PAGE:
The reasons for that aren’t so much philosophical or philanthropic as they are pragmatic. “As the cost of creating one of the mainstream high-end games increases,” Wiltshire notes, “there’s more pressure on designers to ensure that everything in the game is actually experienced by the player. The statistics on the number of people who actually play all the way through are just horrifying.” And gamers who give up are gamers who are much more likely to eschew the sequel, or put their discarded titles on the thriving second-hand market.
Nothing speaks to a business worth many billions of pounds more clearly, after all, than a way to make billions more. It is no coincidence that one of the most significant developments in gaming difficulty for years has come from Nintendo, which is, thanks to the success of the Wii, better attuned than anybody else to the demands of the casual gamer. The patented feature in question, the “super guide”, first comes into force in New Super Mario Bros Wii. Should the player be flummoxed by a section, he or she can choose to sit back as the computer takes it on instead, only intervening when they feel comfortable with the challenge again.
This is, in a sense, the anti-game. And yet, according to the reviews, it works. On the influential gaming blog Kotaku, editor-in-chief Brian Crecente conceded: “It sounds like cheating,” but adds: “It feels much less like cheating and much more like watching someone show you where you may have gone wrong.”
And that is the whole point. It doesn’t matter how much help you give people, so long as they feel they aren’t cheating: every code is crackable, but no bullet is silver. Indeed, so crucial is that balance that game designers have borrowed a psychological term to talk about it. Flow theory tries to describe the sense of being in command of a set of abilities that are stretched to their limits but capable of mastering a complex task – the same thing that athletes refer to when they say they’re “in the zone”.
So, how can it be applied? Jenova Chen, the founder of upstart developer thatgamecompany, takes all this more seriously than most. In his titles flOw and Flower he comes up with an answer. In flOw, the player’s amoeba, fighting for life in the primordial soup (and later rehashed in evolution simulator Spore), is free to confront challenges in any pattern at all, either radically underpowered or armed to the teeth, and the difficulty level varies according to your successes and failures by such fine degrees that the changes are almost imperceptible. Flower sets a petal off across a gorgeous landscape, sparking astonishing chain reactions of colour, and providing subtly embedded tasks that the player can either embrace or ignore in favour of admiring the sunset. These are not games that sound likely to appeal to the stereotypical gamer – which must be why players who are more used to blowing things up sound worried about their fixation. “There must be something wrong in playing the whole morning with this evolution game,” one online reviewer noted uneasily. “It has no guns, blood or explosions, but something kept me glued to my seat for a long, long time.” flOw and Flower have won awards, been downloaded millions of times, and exerted a huge influence on other designers – but there can be few more ringing endorsements than that.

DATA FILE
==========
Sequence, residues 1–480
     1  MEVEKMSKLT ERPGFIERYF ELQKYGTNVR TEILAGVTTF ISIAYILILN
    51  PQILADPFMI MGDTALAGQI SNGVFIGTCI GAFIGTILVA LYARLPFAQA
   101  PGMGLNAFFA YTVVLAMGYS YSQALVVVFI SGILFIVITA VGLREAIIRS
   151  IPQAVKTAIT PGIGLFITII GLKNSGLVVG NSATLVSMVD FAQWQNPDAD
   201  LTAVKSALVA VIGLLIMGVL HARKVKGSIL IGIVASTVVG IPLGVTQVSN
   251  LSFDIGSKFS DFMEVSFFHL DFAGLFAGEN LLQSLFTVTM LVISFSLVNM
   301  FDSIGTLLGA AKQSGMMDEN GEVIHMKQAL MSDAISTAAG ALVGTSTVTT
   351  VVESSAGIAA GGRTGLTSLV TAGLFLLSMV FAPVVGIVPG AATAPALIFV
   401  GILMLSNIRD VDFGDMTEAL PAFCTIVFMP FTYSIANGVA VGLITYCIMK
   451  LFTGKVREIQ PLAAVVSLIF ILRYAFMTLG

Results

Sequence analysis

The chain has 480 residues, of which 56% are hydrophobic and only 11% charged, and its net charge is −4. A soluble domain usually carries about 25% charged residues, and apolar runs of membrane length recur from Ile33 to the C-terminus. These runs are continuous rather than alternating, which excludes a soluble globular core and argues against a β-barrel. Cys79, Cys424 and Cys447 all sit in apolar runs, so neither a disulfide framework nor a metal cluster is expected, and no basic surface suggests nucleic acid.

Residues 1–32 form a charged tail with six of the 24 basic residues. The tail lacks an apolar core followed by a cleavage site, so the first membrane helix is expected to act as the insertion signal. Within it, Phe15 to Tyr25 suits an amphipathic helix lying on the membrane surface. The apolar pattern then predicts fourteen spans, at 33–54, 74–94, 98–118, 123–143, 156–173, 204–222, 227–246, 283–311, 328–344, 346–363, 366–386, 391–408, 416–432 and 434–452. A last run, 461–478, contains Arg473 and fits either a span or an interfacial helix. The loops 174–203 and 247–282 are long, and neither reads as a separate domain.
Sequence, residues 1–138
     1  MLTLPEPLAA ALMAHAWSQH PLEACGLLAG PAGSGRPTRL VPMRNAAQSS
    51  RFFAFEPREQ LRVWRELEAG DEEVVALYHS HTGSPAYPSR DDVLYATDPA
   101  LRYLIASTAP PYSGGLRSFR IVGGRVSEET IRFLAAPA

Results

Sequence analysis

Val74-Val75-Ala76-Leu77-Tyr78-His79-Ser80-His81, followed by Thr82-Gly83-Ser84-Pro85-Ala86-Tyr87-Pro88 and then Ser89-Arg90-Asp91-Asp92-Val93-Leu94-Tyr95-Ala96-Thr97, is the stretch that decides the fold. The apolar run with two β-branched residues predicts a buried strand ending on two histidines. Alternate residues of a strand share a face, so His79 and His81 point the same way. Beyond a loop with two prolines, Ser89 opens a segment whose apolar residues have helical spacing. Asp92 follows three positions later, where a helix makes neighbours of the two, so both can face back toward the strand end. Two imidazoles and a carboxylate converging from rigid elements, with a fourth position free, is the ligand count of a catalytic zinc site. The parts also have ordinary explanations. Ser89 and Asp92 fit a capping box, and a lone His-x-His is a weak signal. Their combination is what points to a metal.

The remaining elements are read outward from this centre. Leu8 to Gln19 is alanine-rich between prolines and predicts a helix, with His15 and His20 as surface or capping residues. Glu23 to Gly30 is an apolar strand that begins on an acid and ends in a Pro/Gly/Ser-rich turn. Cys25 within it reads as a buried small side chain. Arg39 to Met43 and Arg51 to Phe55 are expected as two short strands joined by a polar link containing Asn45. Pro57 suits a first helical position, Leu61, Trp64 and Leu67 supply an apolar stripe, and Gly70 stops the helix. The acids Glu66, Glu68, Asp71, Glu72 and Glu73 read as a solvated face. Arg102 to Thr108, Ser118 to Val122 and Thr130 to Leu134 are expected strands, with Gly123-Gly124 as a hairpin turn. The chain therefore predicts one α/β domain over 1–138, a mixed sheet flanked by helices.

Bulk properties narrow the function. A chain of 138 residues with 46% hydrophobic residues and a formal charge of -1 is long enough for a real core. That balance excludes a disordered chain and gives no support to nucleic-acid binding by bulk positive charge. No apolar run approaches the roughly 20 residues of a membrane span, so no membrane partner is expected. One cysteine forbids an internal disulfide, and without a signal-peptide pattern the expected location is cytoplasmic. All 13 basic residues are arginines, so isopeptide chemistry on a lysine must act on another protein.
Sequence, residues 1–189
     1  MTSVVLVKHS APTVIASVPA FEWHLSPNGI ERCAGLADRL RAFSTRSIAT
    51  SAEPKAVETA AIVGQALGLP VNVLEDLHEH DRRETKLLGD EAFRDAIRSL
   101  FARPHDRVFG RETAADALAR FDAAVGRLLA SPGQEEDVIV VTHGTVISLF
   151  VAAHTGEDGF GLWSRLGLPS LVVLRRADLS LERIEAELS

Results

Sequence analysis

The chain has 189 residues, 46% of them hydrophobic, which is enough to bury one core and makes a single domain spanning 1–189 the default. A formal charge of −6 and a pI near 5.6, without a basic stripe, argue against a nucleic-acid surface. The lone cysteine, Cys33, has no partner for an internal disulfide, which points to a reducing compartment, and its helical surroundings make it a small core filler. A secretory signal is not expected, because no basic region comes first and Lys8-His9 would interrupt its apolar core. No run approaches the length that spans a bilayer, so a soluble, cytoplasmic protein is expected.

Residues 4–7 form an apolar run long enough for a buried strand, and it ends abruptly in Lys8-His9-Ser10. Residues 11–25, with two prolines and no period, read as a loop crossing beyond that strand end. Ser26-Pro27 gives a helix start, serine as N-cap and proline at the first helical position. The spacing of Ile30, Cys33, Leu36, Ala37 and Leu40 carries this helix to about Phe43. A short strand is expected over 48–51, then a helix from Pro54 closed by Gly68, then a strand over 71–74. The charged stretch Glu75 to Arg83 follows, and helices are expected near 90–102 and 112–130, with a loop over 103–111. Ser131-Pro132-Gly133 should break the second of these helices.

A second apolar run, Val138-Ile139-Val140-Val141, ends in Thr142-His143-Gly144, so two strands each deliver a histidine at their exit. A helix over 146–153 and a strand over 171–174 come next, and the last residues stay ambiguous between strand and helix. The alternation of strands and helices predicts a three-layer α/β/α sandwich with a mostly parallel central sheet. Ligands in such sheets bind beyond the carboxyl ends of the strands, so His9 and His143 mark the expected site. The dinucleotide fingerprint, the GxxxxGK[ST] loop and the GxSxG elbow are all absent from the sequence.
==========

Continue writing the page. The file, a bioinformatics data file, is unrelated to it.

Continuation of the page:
As developers everywhere ponder how to give their titles the breadth of appeal they |need to flourish, and the depth they need to be proud of them, they could do worse than to look to Chen’s example. In the end, it’s simple. “If you make it too hard, you will turn people off,” Alex Wiltshire says. “It’s not very enjoyable to fail.”
How to be a better gamer
Start at the beginning
If you’re new to a game, don’t try to run before you can walk. Complete the tutorial session then start at the lowest level and work your way up.
Know your controls
Take some time to memorise which buttons or keys perform which functions. This will make the difference between (virtual) life and death when you’re facing enemy hordes.
Go it alone
If you’re planning to play online against other gamers, make sure you’ve reached a reasonable level of competency. Seasoned pros will eat noobs for breakfast if they make stupid mistakes.
Get the right gear
A dedicated gaming mouse and a decent mouse pad can make a big difference to your experience if you’re playing on a PC. Do some research before you buy and don’t just pick the cheapest option.
If you really want to be a better gamer, you have to play more games. Don’t give up too soon and remember, this is meant to be fun.
Find a tutor
Want to take your gameplay skills to the next level? There are a number of online tutors out there. Both Gaming-lessons.com and Thegamingedge.net offer sessions to would-be gaming gods to help improve their tactics, timing and success rates.
If all else fails... cheat
We all know that cheats never prosper but if you’re really stuck in a section of a game you’ve splashed out £50 on, it makes sense to get a little help. Myriad websites offer walk-throughs for thousands of games. Check out Gamecheats.eu and the bluntly named Cheats.ign.com.